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HELPFUL HINT: Annualizing YTD Using Bi-Weekly Pay Stubs

Written by Jennifer Borland, Spectrum Enterprises

Calculating annualized Year-to-Date (YTD) can be confusing. The LIHTC program requires you use the highest verified income amount. It is essential that you compare YTD earnings to the hourly wage or salary given on Employment Verifications. For some state agencies this may not be a requirement, but most investors still want the comparison done. At Spectrum we see Employment Verifications which under-report earnings or hours every day. We often recommend that at least one pay stub be provided. The last thing you want is for your investor or state agency to complete a review and find that YTD annualizes higher than hourly wage and a household is found to be over income.

In order to accurately annualize, you need to know the frequency of pay and the number of weeks included in the YTD earnings. Following are two examples using bi-weekly pay stubs.

EXAMPLE 1

An applicant has had the same job for 3 years and provided a pay stub with his application. The pay date on the stub provided is 1/20/2012 and includes pay for 1/1/2012 – 1/14/2012. How many weeks’ pay is included in the YTD on this stub?

  1. 2 weeks
  2. 3 weeks
  3. 4 weeks

The answer is 3) 4 weeks. The easiest way to illustrate this is by counting backwards on a calendar.

Pay checks are issued bi-weekly on Fridays; I have highlighted his pay days for December 2011 and January 2012.

We know that the check received 1/20/2012 was for weeks worked 1/1/2012 – 1/14/2012; we also know that the pay check he received on 1/6/2012 and was for the weeks worked 12/18/2011 – 12/31/2011. While some of the time he is being paid for on 1/6/2012 was in 2011, the date he was paid was in 2012 and will be part of his employer’s 2012 accounting; this is the first pay check of 2012. Therefore the check received on 1/20/2012 was the second check in the bi-weekly series for 2012 and includes 4 weeks in the YTD.

As you can see from this example, you cannot simply plug dates in to a date to date duration calculator and get the correct answer. If you had used 1/1/2012 to 1/20/2012, a standard duration calculator would have told you it represents 20 days or 2 weeks (rounded down). In this case, your annualized YTD amount would have been a terrible overestimation of Jim’s income. To illustrate, let’s say the YTD earnings reported on the stub are $1,200:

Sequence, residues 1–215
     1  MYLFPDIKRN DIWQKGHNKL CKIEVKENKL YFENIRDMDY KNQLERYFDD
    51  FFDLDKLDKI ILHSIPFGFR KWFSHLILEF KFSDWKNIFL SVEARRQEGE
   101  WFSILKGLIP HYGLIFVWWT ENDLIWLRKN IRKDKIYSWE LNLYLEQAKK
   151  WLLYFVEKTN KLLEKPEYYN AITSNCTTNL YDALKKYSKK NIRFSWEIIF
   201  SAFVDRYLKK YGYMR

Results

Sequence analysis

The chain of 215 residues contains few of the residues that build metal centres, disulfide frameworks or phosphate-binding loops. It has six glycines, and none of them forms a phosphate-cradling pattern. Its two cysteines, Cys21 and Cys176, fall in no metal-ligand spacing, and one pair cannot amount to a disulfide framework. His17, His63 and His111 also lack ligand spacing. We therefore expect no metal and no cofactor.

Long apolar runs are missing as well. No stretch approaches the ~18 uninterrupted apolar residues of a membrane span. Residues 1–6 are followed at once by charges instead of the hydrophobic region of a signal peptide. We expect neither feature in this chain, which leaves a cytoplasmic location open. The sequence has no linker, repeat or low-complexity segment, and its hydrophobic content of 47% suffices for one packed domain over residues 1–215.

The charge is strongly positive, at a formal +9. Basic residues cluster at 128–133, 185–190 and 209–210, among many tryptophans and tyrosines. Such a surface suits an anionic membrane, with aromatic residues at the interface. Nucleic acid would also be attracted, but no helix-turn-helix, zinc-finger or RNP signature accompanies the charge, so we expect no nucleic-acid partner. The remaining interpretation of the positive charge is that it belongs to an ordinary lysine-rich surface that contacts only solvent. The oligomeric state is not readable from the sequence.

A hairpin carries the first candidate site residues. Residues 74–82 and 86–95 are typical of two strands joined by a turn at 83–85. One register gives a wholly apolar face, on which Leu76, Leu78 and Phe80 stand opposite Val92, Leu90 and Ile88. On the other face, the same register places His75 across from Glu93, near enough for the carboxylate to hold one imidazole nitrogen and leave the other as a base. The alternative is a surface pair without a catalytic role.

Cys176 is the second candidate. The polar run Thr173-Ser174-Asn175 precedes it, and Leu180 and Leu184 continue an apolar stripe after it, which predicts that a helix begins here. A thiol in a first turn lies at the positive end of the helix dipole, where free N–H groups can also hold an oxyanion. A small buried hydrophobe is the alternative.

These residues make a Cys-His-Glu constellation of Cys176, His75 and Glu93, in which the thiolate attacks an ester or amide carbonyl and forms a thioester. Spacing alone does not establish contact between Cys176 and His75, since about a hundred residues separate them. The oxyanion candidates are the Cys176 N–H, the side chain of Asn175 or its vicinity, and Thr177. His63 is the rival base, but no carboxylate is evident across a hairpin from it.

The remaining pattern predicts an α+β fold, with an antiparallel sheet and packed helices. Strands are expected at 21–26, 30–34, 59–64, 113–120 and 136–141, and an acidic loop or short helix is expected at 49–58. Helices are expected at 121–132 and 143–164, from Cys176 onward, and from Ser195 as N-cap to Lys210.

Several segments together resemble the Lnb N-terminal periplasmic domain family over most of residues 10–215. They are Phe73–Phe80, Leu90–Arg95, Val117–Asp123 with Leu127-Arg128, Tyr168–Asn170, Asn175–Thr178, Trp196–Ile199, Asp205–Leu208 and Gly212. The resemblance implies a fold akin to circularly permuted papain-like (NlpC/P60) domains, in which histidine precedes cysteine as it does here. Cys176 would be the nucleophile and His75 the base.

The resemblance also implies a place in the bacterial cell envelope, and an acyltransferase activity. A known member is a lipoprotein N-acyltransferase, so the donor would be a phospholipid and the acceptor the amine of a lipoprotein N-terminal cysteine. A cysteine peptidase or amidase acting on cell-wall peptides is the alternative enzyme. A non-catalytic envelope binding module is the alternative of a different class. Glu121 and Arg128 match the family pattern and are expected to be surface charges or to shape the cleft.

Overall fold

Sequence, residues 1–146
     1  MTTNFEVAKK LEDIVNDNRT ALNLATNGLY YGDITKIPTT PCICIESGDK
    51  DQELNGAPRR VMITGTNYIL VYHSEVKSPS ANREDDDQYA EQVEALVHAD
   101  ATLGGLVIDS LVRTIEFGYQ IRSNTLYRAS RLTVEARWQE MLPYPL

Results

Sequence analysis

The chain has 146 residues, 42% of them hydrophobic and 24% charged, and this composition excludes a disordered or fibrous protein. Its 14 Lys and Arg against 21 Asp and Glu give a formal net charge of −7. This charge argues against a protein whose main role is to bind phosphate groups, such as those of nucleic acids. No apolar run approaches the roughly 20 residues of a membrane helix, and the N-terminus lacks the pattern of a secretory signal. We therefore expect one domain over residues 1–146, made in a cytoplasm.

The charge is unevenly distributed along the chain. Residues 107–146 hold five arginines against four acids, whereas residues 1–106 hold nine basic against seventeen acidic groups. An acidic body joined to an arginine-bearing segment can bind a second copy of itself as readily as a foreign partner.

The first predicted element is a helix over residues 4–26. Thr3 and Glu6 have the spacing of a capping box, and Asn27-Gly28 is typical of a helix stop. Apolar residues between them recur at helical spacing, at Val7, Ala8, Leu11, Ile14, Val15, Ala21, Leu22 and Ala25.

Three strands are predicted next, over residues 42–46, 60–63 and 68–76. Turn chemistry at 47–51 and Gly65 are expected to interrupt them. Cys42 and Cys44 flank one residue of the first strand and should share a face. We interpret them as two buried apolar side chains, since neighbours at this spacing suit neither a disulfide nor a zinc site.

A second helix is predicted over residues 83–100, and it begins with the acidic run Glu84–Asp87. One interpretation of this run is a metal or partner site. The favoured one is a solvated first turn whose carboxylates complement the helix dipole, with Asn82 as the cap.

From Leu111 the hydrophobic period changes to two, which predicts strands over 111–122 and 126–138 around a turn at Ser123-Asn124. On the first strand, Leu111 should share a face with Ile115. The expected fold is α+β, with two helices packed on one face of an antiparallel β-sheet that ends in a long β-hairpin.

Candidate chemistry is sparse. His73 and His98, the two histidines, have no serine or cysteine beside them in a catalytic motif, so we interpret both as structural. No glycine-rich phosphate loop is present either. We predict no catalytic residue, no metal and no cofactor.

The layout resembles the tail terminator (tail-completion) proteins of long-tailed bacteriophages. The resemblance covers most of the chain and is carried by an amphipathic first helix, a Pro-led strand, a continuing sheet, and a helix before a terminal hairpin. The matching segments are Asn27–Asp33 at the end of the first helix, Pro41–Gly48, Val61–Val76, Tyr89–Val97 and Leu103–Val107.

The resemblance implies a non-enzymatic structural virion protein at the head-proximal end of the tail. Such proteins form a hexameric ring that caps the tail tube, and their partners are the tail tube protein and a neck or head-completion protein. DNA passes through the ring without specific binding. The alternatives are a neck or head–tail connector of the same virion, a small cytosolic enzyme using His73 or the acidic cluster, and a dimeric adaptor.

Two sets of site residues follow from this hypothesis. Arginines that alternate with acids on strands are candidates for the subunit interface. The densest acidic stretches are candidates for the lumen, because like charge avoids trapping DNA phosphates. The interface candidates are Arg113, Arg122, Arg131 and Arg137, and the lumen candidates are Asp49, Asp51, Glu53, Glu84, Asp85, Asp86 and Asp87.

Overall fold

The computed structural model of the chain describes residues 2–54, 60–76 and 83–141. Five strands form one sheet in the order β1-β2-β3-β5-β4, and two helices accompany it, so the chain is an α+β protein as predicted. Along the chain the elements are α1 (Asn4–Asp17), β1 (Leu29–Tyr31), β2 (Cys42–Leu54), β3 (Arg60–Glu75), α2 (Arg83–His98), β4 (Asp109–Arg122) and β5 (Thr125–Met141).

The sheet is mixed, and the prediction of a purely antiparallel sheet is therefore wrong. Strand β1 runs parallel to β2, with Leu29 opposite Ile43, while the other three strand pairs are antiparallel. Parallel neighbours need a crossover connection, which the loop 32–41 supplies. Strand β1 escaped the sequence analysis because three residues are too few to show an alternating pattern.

1. $1,200 / 2 weeks x 52 weeks = $31,200
  2. $1,200 / 3 weeks x 52 weeks = $20,800
  3. $1,200 / 4 weeks x 52 weeks = $15,600

EXAMPLE 2

In June, another applicant brings in a pay stub with her application. The stub shows that she was paid on 6/15/2012 for weeks worked 5/27/2012 – 6/9/2012, also bi-weekly. When you receive her Employment Verification it states she was hired 1/30/2012. How many weeks are included in the YTD earnings on this stub?

  1. 24
  2. 19
  3. 20

The answer is 2) 19 weeks.

Unfortunately, a common mistake we see is that the date of hire is ignored. In this situation, the applicant has not had her job for the entire year, so we’ll count the weeks from 1/30/2012 to 6/9/2012; the date she was hired to pay period end date on the stub. In a case like this, Spectrum would recommend you follow up with the employer to verify if she started working on 1/30/2012. It’s possible that was the date she accepted the position, but work (pay) didn’t actually begin.

By overestimating an applicant’s earnings you run the risk of denying eligible households or moving in households that cannot actually afford your rent. By underestimating an applicant’s earnings, you may find you have rented to people who are not income-eligible. As always, Spectrum recommends you have someone check your math and that you show your math in your files.


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